November 3, 2008

November 3, 2008

 

 

Dear LoMA Family,

 

At last Monday’s faculty meeting, the staff discussed their thoughts and feelings around identity. In particular, we shared how our racial, gender and sexual orientation identities affect our work as teachers and counselors. Like nearly all New York City schools, LoMA’s faculty is whiter and more female than its student population. This isn’t necessarily a problem, but it is something that we need to think about, and talk about honestly and openly.

 

I never felt whiter than the first day I stood in front of my nearly all-Latino English class at Aviation High School 19 years ago. Given the racism of so many Americans, I worried that my students might see me as racist, or terribly out of touch with their lives. I had started off teaching in an all white, wealthy school on Long Island, and hated it. Even though I had grown up just a mile away from there, I found the students to be spoiled, superficial and dull. I wanted to work with students who had more interesting lives; students that would bring a wealth of varied experiences to the classroom. I wanted students who would teach me as I taught them. Yet when I stood in front of that first class I worried that my experience as white guy growing up in middle class suburbia might make me unfit to teach my mostly immigrant, Latino class. What could I teach them? Why would they listen to me? Fortunately, I discovered that my race and background didn’t matter to my students as much as the fact that I cared for them and could make reading and writing interesting. I tutored them after school and advised a bunch school clubs so I could get to know them better and they could get to know me better. With time, I stopped feeling like the white guy in the room and more like the cool teacher who ran all of the clubs. While I could never lose my racial identity, my identity as a teacher and role model became more visible and vital than my skin color.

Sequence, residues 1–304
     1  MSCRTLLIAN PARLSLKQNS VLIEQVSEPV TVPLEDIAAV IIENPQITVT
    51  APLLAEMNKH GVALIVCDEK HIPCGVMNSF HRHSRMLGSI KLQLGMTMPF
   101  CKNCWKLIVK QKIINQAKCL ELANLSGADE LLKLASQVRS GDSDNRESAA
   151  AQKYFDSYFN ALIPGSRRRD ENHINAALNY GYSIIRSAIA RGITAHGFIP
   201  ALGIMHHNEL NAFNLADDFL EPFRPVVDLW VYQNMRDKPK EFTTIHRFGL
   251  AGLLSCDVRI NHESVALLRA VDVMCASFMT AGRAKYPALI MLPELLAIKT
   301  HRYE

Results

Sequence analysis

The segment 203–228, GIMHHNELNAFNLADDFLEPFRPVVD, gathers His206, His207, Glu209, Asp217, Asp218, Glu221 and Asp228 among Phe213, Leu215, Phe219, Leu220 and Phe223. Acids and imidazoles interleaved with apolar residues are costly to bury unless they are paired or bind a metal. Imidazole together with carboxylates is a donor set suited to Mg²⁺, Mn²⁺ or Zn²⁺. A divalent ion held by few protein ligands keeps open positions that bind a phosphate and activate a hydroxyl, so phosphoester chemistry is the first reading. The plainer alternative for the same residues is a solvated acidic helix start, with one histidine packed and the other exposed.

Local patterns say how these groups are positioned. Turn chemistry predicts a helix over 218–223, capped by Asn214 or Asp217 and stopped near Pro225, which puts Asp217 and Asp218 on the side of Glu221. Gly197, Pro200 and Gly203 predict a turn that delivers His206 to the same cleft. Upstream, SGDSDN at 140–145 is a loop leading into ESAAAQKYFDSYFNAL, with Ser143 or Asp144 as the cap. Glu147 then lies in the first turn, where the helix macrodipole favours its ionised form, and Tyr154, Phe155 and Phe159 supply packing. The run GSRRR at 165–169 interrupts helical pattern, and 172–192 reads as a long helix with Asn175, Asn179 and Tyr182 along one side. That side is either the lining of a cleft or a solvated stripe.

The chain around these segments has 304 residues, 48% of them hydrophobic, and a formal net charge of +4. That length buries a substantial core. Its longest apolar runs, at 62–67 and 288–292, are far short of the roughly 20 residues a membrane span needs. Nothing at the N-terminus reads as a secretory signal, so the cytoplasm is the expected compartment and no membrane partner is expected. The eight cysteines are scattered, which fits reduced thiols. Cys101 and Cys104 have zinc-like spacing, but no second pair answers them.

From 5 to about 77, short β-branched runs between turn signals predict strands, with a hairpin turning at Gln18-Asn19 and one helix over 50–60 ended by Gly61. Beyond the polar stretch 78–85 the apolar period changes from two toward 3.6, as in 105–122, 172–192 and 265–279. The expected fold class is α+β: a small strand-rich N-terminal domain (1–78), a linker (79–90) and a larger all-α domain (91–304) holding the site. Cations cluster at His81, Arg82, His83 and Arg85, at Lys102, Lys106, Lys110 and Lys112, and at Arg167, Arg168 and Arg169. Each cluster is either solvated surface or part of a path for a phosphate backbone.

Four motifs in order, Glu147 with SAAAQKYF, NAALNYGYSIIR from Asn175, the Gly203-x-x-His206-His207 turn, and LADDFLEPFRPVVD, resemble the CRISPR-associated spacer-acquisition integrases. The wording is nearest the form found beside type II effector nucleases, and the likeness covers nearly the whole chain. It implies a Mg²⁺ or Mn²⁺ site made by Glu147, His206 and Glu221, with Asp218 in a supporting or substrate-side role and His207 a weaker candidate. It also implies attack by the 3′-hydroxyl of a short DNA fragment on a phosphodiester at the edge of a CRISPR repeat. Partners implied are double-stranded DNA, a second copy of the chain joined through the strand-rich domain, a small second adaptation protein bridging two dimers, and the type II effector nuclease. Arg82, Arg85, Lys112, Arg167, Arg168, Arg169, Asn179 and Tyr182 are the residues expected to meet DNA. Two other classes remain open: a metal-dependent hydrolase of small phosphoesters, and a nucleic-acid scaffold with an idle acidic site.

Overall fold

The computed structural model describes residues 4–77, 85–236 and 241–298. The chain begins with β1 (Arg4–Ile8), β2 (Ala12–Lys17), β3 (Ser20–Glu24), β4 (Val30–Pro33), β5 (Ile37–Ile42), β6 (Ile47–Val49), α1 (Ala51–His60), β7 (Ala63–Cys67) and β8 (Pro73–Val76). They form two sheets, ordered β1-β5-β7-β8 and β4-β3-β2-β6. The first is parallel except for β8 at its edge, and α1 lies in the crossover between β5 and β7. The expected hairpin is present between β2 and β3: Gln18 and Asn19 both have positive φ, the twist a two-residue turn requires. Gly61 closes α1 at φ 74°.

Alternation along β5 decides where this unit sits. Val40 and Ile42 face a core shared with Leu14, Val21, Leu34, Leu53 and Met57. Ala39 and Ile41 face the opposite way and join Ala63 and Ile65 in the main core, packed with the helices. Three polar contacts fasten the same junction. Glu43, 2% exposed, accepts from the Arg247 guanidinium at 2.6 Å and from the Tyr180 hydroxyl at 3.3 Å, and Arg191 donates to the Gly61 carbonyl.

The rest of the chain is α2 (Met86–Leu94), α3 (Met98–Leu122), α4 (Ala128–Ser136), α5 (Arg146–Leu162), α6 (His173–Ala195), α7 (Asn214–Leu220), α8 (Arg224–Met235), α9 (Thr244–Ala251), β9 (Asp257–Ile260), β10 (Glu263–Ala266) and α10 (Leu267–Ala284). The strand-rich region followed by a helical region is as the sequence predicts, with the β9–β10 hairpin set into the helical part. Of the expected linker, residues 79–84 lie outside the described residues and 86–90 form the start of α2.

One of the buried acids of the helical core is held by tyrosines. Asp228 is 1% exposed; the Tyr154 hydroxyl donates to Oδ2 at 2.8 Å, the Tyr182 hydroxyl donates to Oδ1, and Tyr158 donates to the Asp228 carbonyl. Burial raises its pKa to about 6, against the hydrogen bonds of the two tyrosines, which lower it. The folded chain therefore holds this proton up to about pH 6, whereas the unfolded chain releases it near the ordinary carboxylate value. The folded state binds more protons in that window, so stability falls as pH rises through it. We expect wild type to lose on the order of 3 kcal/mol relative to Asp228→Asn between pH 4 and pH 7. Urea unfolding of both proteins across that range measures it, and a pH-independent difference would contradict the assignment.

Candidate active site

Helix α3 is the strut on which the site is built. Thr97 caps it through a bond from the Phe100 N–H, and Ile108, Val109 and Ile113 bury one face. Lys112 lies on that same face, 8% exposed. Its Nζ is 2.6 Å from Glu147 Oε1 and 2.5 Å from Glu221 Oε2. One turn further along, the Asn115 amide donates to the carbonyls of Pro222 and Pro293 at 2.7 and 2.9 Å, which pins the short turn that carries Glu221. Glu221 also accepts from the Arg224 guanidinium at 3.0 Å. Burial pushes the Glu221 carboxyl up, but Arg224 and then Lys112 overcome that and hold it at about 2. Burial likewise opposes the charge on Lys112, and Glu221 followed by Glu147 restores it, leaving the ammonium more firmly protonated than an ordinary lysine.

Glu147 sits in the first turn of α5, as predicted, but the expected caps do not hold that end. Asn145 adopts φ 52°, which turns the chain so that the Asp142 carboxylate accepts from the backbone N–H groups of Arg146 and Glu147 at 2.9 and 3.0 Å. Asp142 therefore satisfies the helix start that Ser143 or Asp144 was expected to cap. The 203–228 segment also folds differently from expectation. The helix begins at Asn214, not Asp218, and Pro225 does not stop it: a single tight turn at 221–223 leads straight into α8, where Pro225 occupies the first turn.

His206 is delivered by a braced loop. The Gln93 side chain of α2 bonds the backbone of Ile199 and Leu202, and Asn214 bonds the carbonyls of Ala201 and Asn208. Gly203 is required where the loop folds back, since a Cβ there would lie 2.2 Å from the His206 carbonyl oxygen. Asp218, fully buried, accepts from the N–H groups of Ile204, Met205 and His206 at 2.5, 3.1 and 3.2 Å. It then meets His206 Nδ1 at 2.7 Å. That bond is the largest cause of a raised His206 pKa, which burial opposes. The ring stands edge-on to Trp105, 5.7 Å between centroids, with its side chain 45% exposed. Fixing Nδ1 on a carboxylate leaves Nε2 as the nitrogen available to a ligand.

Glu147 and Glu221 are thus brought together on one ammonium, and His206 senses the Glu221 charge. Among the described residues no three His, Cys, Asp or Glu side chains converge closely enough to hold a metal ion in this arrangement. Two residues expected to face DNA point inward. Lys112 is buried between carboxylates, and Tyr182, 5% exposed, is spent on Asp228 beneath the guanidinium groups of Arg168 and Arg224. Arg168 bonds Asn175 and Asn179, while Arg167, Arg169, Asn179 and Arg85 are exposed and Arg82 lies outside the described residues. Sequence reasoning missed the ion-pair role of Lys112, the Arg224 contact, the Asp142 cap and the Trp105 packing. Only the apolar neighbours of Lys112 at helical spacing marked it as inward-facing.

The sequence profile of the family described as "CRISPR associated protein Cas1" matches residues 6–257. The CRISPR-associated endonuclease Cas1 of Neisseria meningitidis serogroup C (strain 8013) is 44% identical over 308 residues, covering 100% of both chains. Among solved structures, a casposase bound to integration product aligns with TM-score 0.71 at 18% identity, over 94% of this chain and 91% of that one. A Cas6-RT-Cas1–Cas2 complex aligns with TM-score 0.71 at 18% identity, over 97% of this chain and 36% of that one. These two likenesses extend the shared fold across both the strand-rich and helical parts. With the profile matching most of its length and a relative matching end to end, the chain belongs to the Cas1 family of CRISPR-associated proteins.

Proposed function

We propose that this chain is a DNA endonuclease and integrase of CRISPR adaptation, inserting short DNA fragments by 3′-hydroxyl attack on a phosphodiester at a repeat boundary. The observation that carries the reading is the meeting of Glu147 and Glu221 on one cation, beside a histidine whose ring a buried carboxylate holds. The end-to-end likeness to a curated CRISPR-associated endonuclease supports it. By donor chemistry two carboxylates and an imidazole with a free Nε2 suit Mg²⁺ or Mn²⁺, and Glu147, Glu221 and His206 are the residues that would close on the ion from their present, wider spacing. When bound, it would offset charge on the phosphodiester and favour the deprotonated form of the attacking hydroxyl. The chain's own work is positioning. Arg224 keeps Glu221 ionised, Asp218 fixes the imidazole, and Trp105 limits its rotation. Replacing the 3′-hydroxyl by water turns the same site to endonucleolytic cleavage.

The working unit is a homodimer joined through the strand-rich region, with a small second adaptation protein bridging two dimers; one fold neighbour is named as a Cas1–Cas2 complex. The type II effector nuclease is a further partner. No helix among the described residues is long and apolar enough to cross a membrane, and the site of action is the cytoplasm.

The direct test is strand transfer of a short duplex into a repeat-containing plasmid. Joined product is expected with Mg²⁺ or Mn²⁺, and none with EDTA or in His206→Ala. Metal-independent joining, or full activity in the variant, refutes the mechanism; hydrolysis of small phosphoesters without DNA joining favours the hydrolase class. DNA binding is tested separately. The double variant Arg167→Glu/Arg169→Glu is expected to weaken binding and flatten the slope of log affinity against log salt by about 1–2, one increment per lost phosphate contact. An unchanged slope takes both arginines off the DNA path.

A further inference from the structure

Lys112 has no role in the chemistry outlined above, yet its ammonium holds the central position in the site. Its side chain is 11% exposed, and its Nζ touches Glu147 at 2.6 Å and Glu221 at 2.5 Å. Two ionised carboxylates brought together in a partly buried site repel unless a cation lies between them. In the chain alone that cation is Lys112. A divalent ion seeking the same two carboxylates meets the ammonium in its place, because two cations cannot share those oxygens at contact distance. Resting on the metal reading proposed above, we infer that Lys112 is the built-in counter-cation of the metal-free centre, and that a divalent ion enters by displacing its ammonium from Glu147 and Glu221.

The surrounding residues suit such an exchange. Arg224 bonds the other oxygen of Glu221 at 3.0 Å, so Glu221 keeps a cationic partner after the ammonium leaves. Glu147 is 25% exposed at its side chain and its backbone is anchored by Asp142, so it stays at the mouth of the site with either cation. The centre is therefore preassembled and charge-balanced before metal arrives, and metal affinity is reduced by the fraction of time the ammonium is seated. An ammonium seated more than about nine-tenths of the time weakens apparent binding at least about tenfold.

Yet as popular a teacher as I became, I still felt insecure because of my hidden identity as a gay man. Part of me argued that it shouldn’t matter because since my sexual identity was my own business; it had no place in the classroom. More convincing, however, was the argument that I would have to face harassment and dishonor if my students knew that I was gay. Then one Valentine’s Day my boyfriend sent a big bouquet of roses to the school. When the students saw them and asked me who they were from, I dodged the question. Feeling embarrassed afterwards, I understood why “pride” is so vital to gay people and decided to come out of the closet.

 

Telling my students that I was gay, however, was different then letting them see that I was white. Our identities are complex, and sometimes we risk embarrassment or misunderstanding when we reveal aspects of ourselves to others, and some things are not appropriate to reveal to others. I was a popular teacher whose students behaved well. I feared that I would go from being a good, but tough, teacher to being a “gay” teacher. When I came out to my students, however, I was once again pleasantly surprised by their maturity and understanding. They seemed to gain more respect for me and understand me in my individual complexity. They understood that as, important as is to who I am, my sexual orientation is only a part of my identity. My students continued to see me as a demanding, caring teacher who also happened to be gay and white and tall and loud and pushy and….

 

This Tuesday we will see how well America can understand the complexities of identity. When Obama first announced his candidacy, he was seen by many as the “Black” candidate with the funny name. Over the last two years we have gotten to know him as an inspiring speaker, nuanced thinker and astute policy wonk. Like all of us, only more so, he is a magnificent mosaic of identities.

 

 Take pride in your multitude of identities,

 

John Wenk

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